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Supercharging advocacy in Latin America for Hirschsprung’s disease and anorectal malformation

Written by Geoff Case, digital editor

Carla Scaramella and Luciana Pareto from Argentina describe an exciting development for the Hirschsprung’s disease and anorectal malformation communities in Latin America.

November 2023 saw two Argentina-based advocacy groups join forces: Hirschsprung Argentina and the Association of Parents of Children with Anorectal Malformations (AMAR). Carla says this reflects a global trend for advocacy groups for these conditions, who find they can better support their respective communities through coordinating their efforts.

Hirschsprung Argentina

Carla Scaramella founded Hirschsprung Argentina in 2022 to raise awareness of the disease and its consequences. Tragically, in 2014, her son Augusto died at 14 months from septic shock caused by enterocolitis, which had been misdiagnosed as gastroenteritis. Unfortunately, the emergency doctors treating him were unaware of the risk of enterocolitis—and how to treat this—following corrective surgery for Hirschsprung’s disease.

Carla and Augusto

“Many times, doctors who don’t know about cases of Hirschsprung’s confuse enterocolitis with common gastroenteritis,” Carla says. “In any situation similar to gastroenteritis, the possibility of enterocolitis should be suspected.” Carla has worked with Hospital Garrahan, a public hospital in Buenos Aires, to create an alert card for people living with Hirschsprung’s disease to prevent undiagnosed enterocolitis.

She stresses that surgeries for Hirschsprung’s disease are corrective rather than curative, and that the disease may have short, middle and long-term challenges. That awareness is “super important for kids”, she says. “That way, when they are adults, they will know to highlight these diseases in their medical history when they see a doctor.”

Association of Parents of Children with Anorectal Malformations (AMAR)

Luciana Pareto began advocating for families affected by anorectal malformations in 2020, and formally founded Association of Parents of Children with Anorectal Malformations (AMAR) in 2023.

Luciana’s experience of anorectal malformations began in 2017 with the birth of her second son Fermín. He was born with an anal fistula (a small tunnel that develops between the end of the bowel and the skin near the opening of the bottom), which was not detected for 21 months.

Fermín’s condition was misdiagnosed as constipation, and he was treated “a thousand ways”, Luciana says. In desperation, she consulted a specialist in Buenos Aires, about 400 km from her home. After an examination and X-rays, the paediatric gastroenterologist quickly diagnosed the true cause of his health problems.

Fermín with Luciana

Today, through AMAR, Luciana is determined to ensure that Spanish-speakers throughout Latin America have easy access to information about anorectal malformations—previously most information on the disease on the Internet was in English. AMAR currently supports 180 families across Latin America, many of whom are connected through a WhatsApp group.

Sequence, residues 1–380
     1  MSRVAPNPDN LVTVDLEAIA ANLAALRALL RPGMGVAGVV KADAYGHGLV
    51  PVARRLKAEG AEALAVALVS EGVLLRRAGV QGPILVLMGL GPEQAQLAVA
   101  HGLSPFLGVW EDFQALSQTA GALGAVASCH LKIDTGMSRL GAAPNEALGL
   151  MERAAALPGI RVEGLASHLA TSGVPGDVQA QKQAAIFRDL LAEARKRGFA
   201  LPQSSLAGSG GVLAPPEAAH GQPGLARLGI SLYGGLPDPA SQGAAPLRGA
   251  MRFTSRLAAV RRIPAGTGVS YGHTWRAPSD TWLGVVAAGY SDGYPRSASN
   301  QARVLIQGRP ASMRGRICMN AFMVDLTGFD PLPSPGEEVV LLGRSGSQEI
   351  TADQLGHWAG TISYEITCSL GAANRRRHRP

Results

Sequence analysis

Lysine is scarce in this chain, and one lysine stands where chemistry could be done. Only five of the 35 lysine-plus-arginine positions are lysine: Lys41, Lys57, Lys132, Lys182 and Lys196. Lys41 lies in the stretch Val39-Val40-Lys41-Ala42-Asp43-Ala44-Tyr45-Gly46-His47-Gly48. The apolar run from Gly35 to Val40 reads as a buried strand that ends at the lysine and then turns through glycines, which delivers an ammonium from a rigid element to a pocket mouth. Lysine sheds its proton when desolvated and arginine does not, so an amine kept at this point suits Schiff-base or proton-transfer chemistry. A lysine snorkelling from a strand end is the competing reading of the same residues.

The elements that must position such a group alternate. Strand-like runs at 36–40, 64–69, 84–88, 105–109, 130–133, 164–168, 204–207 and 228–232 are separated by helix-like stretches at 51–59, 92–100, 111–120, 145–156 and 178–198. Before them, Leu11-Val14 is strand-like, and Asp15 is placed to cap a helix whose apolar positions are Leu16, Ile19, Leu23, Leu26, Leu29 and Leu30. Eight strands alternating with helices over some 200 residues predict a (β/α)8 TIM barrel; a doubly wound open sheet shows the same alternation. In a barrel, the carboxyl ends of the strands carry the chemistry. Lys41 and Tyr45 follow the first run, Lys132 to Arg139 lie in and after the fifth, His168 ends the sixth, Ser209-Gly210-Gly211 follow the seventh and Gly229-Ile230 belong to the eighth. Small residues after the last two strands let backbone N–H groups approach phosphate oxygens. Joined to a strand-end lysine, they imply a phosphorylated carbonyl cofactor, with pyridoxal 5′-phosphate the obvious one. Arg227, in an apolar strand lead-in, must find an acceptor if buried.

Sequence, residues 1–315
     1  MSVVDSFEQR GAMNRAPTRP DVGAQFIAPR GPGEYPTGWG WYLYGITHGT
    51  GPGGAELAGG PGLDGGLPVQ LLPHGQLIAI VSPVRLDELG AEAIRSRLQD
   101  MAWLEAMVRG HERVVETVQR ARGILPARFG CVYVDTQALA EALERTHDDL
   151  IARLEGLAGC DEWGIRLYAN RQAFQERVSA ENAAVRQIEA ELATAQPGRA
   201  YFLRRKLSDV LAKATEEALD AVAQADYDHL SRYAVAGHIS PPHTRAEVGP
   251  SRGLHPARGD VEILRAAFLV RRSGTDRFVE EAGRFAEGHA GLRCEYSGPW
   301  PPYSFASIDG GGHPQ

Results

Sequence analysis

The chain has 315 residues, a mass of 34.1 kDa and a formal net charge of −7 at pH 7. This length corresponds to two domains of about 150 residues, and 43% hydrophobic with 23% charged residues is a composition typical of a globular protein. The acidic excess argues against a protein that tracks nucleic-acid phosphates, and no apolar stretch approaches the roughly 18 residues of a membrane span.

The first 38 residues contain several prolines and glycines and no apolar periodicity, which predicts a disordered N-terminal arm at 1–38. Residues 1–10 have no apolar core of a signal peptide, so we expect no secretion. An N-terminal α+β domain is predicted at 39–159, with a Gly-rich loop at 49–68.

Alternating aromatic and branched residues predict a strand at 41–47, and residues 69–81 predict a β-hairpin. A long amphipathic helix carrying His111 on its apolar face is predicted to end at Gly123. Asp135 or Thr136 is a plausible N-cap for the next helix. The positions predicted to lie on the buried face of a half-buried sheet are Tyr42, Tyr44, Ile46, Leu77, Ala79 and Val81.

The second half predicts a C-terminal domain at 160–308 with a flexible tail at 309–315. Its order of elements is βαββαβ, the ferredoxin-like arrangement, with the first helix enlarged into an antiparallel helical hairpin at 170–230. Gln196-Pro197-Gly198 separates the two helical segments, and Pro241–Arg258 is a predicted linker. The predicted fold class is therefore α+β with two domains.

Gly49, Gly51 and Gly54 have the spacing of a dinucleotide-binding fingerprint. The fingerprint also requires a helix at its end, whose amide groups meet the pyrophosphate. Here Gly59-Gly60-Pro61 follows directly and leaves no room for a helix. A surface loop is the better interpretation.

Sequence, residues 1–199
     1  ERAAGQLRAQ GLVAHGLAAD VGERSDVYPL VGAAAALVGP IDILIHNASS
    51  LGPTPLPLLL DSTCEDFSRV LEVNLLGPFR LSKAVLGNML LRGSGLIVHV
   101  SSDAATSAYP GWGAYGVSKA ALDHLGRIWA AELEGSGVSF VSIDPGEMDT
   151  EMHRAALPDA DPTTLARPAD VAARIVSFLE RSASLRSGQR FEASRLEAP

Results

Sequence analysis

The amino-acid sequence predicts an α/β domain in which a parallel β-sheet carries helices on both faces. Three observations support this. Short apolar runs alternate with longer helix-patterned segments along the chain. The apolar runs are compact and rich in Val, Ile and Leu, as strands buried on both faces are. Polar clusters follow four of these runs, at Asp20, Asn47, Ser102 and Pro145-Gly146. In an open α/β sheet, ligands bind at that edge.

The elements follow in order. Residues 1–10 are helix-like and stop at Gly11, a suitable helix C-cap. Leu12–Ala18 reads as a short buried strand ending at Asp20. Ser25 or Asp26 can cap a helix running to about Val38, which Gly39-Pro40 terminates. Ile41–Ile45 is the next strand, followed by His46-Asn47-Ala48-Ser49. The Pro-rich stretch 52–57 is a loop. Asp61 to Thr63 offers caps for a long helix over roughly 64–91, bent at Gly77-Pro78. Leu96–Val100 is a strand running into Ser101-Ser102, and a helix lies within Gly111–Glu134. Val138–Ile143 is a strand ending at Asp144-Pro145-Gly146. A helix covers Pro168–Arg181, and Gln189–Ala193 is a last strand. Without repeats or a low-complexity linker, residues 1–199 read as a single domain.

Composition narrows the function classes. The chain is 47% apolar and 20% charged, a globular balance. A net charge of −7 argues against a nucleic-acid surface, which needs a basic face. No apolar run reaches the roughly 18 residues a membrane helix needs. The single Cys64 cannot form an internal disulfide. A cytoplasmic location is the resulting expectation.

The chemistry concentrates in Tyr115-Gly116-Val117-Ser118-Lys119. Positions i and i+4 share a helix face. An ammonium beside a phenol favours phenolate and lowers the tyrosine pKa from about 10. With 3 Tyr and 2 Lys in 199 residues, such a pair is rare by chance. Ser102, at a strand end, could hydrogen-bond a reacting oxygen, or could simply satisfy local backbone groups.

Together, we are stronger

Carla explains that Hirschsprung’s disease and anorectal malformations share several challenges. “They are both congenital colorectal diseases without prenatal diagnosis. They each have a prevalence of 1 in 5,000, and both are generally diagnosed in the first days or months of life.

“They both require one or more surgeries, which should be performed by colorectal paediatric surgeons, and need a multidisciplinary approach,” she adds. They require a colostomy or ileostomy—but not always for Hirschsprung’s disease. Similar post-operative challenges—incontinence, constipation, food and nutritional issues—can develop for each of them.”

These commonalities mean that the two organisations can effectively join forces to give informative talks to families on topics such as wound healing, follow-up after surgeries and school inclusion. They also work with a group of professionals at the Hospital Italiano de Buenos Aires, who provide scientific advice for the two groups and are currently preparing a Hirschsprung’s disease workshop for surgeons and other healthcare professionals.

Hospital Italiano de Buenos Aires

Describing the partnership between Hirschsprung Argentina and AMAR, Luciana stresses the value of parents having a sense of belonging within a strong community: “We want these children to be well, to get them ahead and for them to be happy in the future. That’s what the partnership is for.”

“Having a support network for the family where they can ask questions, ask for advice, where the same language is spoken, is very important to walk the path of a rare disease.”

– Fernanda, mother to a 14-month-old with Hirschsprung’s disease

Carla concludes: “Together, we are stronger… We are no longer 1 in 5,000. We are 1 in 2,500, so we aren’t so rare. Now, we are unstoppable!”

Find out more about Hirschsprung’s disease: Mayo Clinic | Hirschsprung disease

Hirschsprung Argentina:

AMAR (Association of Parents of Children with Anorectal Malformations):

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